Add to that the emergence of Latino and Chinese immigrant populations in the Bayview, and Jackson says its clear that it's the city's last affordable frontier for low-income folks.
The problem gets even more pronounced when one delves into the definition of the word "affordable" and applies it to the socioeconomic status of southeast San Francisco.
In white households, the annual median income was $65,000 in 2000, compared to $29,000 in black households with black per capita income at $15,000 and with 14 percent of BVHP residents earning even less than $15,000.
The average two-bedroom apartment rents in San Francisco for $1,821, meaning households need an annual AMI of $74,000 to stay in the game. The average condo sells for $700,000, which means that households need $143,000 per year to even enter the market.
In other words, there's a strong case for building higher percentages of affordable housing in BVHP (where 94 percent of residents are minorities and 21 percent experience significant poverty) than in most other parts of San Francisco. Yet the needs of southeastern residents appear to be clashing with the area's potential to become the city's epicenter for new construction.
San Francisco Republican Party chair Howard Epstein told the Guardian that his group opposed Prop. F, believing it will kill all BVHP redevelopment, and supported Prop. G, believing that it has been in the making for a decade and to have been "vetted up and down."
While a BVHP redevelopment plan has been in the works for a decade, the vaguely defined conceptual framework that helped give birth to Prop. G this year was first discussed in public only last year. In reality, it was hastily cobbled together in the wake of the 49ers surprise November 2006 news that it was rejecting Lennar's plan to build a new stadium at Monster Park and considering moving to Santa Clara.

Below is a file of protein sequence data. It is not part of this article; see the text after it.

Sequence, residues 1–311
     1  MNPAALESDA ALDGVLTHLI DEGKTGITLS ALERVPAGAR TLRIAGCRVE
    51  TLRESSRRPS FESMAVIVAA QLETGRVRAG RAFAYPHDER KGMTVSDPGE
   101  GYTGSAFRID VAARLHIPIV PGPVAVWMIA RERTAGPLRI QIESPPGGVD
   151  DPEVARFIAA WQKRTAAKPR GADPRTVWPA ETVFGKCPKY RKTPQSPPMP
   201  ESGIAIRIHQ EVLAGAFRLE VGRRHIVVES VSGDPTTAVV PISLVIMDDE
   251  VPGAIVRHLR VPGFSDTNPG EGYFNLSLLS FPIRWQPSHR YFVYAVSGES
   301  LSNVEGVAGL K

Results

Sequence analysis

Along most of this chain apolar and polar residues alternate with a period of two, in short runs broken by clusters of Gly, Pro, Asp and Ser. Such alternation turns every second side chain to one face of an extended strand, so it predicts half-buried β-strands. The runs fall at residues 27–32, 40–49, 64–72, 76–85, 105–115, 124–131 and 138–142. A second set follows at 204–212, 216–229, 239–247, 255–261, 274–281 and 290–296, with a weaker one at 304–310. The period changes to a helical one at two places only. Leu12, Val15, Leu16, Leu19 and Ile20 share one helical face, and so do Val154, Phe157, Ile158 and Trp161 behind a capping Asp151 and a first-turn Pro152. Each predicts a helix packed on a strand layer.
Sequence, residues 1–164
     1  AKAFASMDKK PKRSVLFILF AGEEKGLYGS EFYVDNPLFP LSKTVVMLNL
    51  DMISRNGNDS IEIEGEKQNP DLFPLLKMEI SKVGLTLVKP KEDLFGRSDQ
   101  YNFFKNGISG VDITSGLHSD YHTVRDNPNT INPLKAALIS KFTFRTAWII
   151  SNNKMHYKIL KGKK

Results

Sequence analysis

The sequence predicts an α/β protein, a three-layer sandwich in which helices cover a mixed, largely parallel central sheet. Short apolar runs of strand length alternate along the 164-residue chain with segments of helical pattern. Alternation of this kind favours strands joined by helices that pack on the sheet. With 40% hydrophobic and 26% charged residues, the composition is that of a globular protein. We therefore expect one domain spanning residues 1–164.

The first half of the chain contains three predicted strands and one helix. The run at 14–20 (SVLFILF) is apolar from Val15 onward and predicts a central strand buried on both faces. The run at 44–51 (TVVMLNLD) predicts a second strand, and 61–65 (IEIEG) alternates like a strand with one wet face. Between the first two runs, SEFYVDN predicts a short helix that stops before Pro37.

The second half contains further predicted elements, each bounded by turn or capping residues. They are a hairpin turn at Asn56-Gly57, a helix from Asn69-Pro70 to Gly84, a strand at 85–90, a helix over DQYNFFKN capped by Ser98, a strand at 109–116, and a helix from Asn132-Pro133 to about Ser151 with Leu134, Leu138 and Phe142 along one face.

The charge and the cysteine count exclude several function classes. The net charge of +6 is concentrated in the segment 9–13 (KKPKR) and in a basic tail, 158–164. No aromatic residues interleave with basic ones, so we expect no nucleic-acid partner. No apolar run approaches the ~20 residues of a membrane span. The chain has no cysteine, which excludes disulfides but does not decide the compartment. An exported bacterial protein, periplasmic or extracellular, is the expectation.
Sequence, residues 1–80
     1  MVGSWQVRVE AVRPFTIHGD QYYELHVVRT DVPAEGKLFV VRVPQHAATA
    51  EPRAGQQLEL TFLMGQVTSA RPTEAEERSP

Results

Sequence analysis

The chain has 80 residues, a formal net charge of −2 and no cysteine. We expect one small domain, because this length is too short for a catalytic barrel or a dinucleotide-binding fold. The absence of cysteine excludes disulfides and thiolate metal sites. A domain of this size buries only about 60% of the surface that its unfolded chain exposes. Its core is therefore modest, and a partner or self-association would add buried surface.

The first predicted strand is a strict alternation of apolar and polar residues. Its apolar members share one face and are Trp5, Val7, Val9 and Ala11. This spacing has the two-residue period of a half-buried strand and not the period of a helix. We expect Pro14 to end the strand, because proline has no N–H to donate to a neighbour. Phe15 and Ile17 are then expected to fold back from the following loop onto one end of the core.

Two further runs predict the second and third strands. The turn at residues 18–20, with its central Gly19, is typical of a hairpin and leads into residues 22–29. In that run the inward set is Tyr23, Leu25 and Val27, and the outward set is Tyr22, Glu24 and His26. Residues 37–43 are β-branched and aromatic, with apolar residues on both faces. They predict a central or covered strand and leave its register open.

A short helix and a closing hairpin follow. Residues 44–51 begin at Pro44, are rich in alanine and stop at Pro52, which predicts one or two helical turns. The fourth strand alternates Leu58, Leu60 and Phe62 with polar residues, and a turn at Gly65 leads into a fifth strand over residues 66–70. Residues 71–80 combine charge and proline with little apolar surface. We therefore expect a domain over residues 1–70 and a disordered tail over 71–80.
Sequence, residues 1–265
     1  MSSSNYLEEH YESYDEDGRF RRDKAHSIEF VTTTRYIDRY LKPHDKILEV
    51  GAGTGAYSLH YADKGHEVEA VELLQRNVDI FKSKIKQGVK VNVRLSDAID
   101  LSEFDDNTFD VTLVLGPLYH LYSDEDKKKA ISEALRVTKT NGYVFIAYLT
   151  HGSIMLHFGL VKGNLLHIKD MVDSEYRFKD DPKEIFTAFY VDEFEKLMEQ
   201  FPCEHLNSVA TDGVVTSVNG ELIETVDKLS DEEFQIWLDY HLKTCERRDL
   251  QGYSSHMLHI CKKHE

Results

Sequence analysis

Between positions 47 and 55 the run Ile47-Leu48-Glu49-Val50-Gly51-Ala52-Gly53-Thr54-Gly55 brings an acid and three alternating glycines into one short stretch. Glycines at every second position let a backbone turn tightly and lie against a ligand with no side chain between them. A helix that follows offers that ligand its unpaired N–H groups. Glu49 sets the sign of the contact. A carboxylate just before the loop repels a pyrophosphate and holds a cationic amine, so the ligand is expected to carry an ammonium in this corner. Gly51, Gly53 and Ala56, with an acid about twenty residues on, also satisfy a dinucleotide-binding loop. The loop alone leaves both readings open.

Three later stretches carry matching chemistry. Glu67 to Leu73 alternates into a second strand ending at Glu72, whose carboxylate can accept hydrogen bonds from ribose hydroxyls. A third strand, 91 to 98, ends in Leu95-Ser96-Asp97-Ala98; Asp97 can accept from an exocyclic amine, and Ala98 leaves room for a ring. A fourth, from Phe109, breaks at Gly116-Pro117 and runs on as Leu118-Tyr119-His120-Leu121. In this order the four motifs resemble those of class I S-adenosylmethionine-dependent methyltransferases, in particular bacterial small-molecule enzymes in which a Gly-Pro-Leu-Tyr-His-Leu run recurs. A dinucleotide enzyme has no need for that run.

As the door slammed shut on one opportunity, Lennar tried to swing open another. As an embarrassed Newsom joined forces with Feinstein to find a last-ditch solution to keep the 49ers in town, Lennar suggested a new stadium on the Hunters Point Shipyard, surrounded by a dual use parking lot perfect for tailgating and lots of new housing on Candlestick Point to pay for it all.
There was just one problem: part of the land around the stadium at Candlestick is a state park. Hence the need for Prop. G, which seeks to authorize this land swap along with a repeal of bonds authorized in 1997 for a stadium rebuild. As Cohen told the Guardian, "The only legal reason we are going to the voters is Monster Park."
As it happens, voters still won't know whether the 49ers are staying or leaving when they vote on Props. F and G this June, since the team is waiting until November to find out if Santa Clara County voters will support the financing of a new 49er stadium near Great America.
Either way, Patrick Rump of Literacy for Environmental Justice has serious environmental concerns about Prop. G's proposed land swap.
"Lennar's schematic, which builds a bridge over the Yosemite Slough, would destroy a major restoration effort we're in the process of embarking on with the state Parks [and Recreation Department]," Rump said. "The integrity of the state park would easily be compromised, because of extra people and roads. And a lot of the proposed replacement parks, the pocket parks ... don't provide adequate habitat."
Rump also expressed doubts about the wisdom of trading parcels of state park for land on the shipyard, especially Parcel E-2, which contains the landfill. Overall, Rump said, "We think Lennar and the city need to go back to the drawing board and come up with something more environmentally sound."
John Rizzo of the Sierra Club believes Prop.
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